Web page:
Children’s Commissioner Russell Wills has shone a light on some of our most vulnerable children in the office’s first annual monitoring report into children in state care, and it makes for a gruelling read in parts.
The 62 page report highlights pockets of very good social work and dedicated people, particularly at the ‘front end’ work that focusses on assessing children in immediate risk.
It is once children are in care that things take a turn for the worst and without aggregated data little is known about how children in care are actually faring.
The report paints a bleak picture and indicates children are no better off as a result of state intervention.
Key points from the report:
- Abuse: 117 children in CYF care were reported to have been abused in 2013/2014. Of these 88 children were in the care of a CYF caregiver, 25 were formally placed with their parents but still officially in CYF custody, and five were living with an unapproved caregiver or in an unapproved. Physical abuse was the most common.
- Education: Around 20 percent of children in care left school with NCEA Level 2 in 2012. For Maori children the figure was 15 percent.
- Court: In 2014, 328 young people aged 14-16 with open care and protection files committed an offence which ended in the Family Court. 30 percent of children in care between the ages of 14 and 16 are being charged with offences, compared to about 1 percent of children this age from the general population.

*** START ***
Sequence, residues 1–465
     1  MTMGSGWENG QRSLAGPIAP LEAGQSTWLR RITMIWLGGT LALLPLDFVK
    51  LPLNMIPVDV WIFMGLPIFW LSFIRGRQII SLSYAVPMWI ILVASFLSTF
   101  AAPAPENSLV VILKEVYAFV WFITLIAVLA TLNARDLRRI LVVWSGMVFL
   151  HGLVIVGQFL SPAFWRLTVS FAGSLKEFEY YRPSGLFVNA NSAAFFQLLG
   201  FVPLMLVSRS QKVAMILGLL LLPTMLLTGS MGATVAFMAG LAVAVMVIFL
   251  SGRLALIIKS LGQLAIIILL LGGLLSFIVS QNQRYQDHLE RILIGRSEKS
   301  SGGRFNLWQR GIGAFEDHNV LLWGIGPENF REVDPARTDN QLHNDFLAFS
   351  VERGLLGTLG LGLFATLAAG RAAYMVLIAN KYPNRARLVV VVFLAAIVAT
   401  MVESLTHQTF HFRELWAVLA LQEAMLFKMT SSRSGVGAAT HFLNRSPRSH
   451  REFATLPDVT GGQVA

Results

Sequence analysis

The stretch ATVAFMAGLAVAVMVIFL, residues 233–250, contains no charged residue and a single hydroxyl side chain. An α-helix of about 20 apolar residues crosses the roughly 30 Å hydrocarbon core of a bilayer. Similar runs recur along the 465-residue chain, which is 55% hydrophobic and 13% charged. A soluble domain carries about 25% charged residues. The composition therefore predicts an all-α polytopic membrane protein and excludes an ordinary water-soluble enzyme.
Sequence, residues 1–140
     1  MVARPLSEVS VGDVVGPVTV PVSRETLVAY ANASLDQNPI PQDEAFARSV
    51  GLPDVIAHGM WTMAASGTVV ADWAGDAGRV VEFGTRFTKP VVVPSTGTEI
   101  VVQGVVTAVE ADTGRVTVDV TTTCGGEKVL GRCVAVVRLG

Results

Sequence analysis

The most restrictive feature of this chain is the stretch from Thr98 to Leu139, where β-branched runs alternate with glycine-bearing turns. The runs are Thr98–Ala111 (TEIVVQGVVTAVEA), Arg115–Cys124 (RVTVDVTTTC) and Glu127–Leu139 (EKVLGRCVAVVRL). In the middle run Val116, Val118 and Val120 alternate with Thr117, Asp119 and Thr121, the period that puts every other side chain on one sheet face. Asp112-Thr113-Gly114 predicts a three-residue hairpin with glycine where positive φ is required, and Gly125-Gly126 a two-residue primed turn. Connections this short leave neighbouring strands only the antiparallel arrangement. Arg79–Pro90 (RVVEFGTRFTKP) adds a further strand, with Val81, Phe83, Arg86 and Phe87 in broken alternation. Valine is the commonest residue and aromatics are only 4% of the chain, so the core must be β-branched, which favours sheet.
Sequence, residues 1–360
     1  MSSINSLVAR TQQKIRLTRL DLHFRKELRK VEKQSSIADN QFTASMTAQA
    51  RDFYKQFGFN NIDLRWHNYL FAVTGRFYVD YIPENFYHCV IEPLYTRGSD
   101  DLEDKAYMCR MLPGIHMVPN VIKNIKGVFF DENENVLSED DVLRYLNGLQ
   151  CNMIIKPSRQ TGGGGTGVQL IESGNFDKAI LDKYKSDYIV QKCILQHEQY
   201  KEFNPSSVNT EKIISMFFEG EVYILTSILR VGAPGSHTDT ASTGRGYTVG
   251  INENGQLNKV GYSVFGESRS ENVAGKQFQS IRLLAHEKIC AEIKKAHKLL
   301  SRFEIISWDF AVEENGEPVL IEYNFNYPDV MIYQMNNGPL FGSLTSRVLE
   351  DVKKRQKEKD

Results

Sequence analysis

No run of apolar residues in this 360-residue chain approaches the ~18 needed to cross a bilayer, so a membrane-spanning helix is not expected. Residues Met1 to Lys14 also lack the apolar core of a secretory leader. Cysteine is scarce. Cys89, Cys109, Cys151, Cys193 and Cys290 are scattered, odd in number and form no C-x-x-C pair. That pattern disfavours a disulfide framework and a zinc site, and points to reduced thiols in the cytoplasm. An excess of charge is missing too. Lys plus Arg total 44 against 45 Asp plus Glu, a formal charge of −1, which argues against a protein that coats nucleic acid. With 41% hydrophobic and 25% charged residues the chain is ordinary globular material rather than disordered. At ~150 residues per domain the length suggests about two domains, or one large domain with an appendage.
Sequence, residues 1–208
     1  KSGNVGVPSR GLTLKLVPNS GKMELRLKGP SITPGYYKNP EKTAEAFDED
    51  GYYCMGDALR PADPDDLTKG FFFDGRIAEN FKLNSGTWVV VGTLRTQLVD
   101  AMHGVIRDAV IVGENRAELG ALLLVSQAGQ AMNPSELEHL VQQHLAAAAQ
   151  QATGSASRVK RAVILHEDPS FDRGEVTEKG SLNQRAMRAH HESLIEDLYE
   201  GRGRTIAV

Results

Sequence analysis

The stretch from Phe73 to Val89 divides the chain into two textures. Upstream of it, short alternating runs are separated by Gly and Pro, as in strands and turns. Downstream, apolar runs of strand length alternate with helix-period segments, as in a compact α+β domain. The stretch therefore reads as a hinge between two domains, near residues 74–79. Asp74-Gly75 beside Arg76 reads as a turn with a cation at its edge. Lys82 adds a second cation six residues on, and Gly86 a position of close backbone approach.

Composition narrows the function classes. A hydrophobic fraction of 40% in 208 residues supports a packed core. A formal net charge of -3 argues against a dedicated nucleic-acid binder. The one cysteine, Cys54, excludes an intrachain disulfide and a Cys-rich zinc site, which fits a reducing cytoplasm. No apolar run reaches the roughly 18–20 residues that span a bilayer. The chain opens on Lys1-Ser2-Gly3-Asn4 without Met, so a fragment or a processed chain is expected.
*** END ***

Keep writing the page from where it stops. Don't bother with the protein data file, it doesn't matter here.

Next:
What the children want from CYF:
- to be told what they are entitled to.
- to provide them with high quality social workers and caregivers.
- to help them maintain relationships with their birth family/whānau, and
- to give them a voice in decisions about their care, and, crucially, listen to what they say.
What needs to change:
- Set clear expectations about CYF’s core purpose and the outcomes it needs to achieve.
- Ensure CYF is fully child-centred in all its activities.
- Invest more in on-going support for children in all types of care placements.
- Address capacity and capability issues across the CYF workforce.
- Improve cultural capability across the organisation.
- Collect and analyse relevant data to drive improved outcomes for children; and
- Set clear expectations for other state agencies responsible for improving the outcomes of children in care.
Listen to Russell Will talk about the report on Radio New Zealand (27 August 2015) and hear more about the findings and 53 recommendations.
Gordon Campbell’s take on the Children’s Commissioner’s report is a reminder that this ‘system of care’ has been held up by dedicated Child, Youth and Family staff that have long been overworked and underfunded.